Margo Oge: Absolutely. But also, don’t forget that EPA has hundreds of engineers in our lab. When we did the greenhouse gas standards for 2025, EPA was working with a number of consulting companies, and we took apart hybrid vehicles. We took apart thousands of pieces and we costed them out.

So, EPA has significant engineering expertise in their lab to understand technology. When I was there, we hired engineers from GM, from Ford, from Chrysler, from all kinds of companies. So, they understand the design of cars, but they do have discussions, technical person to technical person, with the car companies. And the same thing with California. [CARB] has hundreds of engineers and they now have a new laboratory, so there is expertise—they don’t develop standards in a vacuum.

Charged: Let’s look beyond 2025 or so, to when the real action may get started. What might we see the federal government doing in that timeframe? And when will we find out about that?

Margo Oge: I have [had] some discussions—they’re confidential so I’m not going to disclose anything, but I’m very hopeful that the administration is going to be ambitious, because of what President Biden has already indicated. He cares a lot about climate change, but also cares a lot about jobs. He has announced that he’s going to create a million new jobs for the automotive industry. He talks a lot about domestic manufacturing. He talks about 500,000 charging stations. I cannot say [exactly] what they’re going to do, but I’m very optimistic that we’re going to see a transition to electrification because of climate change.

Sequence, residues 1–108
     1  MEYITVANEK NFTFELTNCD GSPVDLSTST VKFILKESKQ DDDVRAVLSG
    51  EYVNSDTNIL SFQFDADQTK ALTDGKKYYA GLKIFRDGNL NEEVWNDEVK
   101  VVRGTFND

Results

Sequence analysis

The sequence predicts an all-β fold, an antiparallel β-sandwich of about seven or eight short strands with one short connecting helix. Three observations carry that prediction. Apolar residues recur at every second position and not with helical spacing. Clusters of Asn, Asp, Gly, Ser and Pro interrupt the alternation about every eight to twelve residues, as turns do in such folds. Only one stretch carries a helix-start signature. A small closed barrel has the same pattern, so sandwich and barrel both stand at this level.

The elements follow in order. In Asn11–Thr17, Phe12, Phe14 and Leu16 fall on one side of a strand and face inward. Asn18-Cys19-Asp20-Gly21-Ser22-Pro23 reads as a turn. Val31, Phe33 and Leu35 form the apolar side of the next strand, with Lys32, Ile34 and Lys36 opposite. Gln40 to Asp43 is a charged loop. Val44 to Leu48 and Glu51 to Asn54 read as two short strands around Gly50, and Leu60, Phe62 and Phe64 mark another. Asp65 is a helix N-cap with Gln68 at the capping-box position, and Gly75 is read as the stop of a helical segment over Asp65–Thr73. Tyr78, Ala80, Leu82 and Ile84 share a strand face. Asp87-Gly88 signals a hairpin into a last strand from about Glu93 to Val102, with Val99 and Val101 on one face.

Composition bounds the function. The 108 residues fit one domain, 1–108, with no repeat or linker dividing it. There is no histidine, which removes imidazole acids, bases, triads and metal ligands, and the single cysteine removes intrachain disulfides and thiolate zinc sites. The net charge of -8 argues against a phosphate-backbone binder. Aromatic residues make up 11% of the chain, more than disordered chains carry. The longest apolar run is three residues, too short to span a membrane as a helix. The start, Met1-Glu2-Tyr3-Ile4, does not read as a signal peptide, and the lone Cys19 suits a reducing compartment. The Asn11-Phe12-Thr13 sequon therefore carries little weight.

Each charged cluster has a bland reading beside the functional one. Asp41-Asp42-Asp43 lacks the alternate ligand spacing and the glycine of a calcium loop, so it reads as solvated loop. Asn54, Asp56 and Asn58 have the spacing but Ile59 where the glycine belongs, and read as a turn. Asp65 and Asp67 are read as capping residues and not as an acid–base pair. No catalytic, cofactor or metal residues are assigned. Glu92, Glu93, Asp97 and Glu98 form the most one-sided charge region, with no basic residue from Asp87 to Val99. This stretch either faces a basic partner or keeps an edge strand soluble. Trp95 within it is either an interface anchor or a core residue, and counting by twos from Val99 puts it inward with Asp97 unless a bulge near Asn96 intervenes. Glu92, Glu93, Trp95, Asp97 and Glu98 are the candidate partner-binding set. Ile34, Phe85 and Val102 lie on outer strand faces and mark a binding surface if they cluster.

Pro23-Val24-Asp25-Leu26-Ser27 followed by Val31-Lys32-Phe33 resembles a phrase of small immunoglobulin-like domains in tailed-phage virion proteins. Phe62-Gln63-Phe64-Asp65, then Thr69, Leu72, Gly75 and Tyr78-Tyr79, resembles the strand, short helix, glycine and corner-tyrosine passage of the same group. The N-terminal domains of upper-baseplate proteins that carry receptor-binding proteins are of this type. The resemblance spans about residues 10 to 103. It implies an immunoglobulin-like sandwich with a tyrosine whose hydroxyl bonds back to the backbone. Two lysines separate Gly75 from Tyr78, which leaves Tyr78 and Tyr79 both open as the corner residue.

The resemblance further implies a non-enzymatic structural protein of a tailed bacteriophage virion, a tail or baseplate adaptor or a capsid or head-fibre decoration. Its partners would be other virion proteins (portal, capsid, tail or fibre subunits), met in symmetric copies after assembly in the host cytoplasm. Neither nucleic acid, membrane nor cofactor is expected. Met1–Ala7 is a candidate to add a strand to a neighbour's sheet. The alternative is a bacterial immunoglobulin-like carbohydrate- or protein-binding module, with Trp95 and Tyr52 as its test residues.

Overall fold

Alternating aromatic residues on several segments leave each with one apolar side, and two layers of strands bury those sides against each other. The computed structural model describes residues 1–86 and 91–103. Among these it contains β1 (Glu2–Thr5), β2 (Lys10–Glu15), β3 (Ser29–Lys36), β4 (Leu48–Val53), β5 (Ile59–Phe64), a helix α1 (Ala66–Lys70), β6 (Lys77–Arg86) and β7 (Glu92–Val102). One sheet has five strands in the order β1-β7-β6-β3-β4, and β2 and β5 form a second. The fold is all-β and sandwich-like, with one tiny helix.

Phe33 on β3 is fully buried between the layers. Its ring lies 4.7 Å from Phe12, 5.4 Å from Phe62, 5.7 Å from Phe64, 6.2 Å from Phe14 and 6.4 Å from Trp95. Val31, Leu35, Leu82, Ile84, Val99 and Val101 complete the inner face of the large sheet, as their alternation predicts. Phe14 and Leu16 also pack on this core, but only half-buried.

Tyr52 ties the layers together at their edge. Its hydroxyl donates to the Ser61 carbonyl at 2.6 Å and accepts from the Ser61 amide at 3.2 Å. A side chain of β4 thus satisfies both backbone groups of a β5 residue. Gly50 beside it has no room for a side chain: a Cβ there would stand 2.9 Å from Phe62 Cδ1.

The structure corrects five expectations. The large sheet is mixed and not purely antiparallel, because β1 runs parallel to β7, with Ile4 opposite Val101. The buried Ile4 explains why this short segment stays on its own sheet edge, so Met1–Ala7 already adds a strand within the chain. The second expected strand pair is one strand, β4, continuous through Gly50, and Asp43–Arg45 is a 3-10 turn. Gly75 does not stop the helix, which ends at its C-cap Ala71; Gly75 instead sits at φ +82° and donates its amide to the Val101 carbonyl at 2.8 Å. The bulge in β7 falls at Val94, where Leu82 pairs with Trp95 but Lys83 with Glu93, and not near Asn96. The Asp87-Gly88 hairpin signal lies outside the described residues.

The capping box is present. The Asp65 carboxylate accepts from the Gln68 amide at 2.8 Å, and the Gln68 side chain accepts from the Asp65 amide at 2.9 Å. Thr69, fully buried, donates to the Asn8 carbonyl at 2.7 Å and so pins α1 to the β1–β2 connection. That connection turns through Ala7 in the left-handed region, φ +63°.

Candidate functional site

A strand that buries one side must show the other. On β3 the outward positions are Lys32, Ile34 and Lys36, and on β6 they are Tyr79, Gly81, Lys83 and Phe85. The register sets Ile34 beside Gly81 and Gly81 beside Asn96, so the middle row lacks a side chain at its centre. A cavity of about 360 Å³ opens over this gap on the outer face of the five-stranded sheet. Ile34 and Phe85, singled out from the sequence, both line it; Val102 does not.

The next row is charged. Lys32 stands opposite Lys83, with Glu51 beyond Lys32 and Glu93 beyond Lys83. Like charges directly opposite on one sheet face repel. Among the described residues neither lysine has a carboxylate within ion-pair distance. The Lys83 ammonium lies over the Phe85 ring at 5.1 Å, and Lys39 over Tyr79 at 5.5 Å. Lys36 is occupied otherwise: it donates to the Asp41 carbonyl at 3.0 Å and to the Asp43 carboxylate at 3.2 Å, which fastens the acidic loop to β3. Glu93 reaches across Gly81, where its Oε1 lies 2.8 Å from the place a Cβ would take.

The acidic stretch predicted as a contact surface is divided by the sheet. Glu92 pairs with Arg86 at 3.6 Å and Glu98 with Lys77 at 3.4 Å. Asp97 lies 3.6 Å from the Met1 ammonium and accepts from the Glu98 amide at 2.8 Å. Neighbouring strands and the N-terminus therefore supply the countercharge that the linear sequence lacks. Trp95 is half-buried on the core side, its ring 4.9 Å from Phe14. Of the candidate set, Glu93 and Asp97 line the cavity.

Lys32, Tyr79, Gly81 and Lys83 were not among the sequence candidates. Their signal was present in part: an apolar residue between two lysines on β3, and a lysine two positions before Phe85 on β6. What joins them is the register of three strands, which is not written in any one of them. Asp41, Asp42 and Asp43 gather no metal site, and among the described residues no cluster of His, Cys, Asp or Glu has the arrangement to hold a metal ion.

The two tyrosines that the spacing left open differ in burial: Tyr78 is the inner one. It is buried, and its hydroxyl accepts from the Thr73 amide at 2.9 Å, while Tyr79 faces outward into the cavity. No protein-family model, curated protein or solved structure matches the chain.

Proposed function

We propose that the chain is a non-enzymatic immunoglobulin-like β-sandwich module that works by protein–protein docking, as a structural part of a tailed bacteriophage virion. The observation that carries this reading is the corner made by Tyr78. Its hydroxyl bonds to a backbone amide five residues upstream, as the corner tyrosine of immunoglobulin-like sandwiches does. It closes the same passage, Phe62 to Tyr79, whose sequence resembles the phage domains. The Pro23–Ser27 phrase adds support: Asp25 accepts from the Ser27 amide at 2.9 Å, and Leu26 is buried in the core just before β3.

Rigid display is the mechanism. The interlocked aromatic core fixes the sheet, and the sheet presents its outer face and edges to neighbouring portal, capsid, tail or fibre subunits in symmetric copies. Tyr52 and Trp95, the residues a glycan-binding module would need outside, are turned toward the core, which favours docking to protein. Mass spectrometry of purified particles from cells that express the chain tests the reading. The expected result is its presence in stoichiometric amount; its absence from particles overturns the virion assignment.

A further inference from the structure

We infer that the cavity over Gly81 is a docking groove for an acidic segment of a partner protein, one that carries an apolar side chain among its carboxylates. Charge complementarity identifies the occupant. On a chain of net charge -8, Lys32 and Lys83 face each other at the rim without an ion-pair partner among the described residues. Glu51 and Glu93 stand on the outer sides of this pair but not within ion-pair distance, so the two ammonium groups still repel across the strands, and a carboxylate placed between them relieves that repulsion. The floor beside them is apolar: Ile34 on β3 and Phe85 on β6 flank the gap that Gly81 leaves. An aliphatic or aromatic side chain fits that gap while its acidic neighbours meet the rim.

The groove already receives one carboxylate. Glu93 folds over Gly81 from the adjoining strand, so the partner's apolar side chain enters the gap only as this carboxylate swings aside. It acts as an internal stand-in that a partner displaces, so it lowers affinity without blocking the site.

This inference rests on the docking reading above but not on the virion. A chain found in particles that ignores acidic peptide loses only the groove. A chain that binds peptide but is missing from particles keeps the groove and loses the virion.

We’re seeing it in China, we’re seeing it in Europe. Given the fact that the cost of an electric vehicle and the similar model of a gasoline or diesel will be the same even earlier than 2024, I think we’re going to see the Biden administration be ambitious. But let’s not forget, that’s going to take a big transition, so it has to be done very carefully, very thoughtfully. I think that the laws are in place to do standards, but President Biden needs to do new legislation for infrastructure, negotiate budgets to create support for the car companies…there’s a lot of things that need to happen. It’s beyond setting standards—standards have to be set along with economic policies.

Charged: Would you agree that the influence of Tesla has been even greater than the government standards?

Margo Oge: Yes, yes. And you could quote me on that. I strongly believe that. I drive a Tesla. It is just an amazing car. What this man has done, single-handed…he’s going to go down in the history books. Forget about standards policies, he has forced every major manufacturer to rethink their products.

State regulations also play a vital role in cleaning up our air, and they interact with federal standards in complex ways. For more insights about the future of fuel economy and emissions rules, read our interview with California environmental lawyer Maureen Gorsen.

This article appeared in Charged Issue 54 – March/April 2021 – Subscribe now.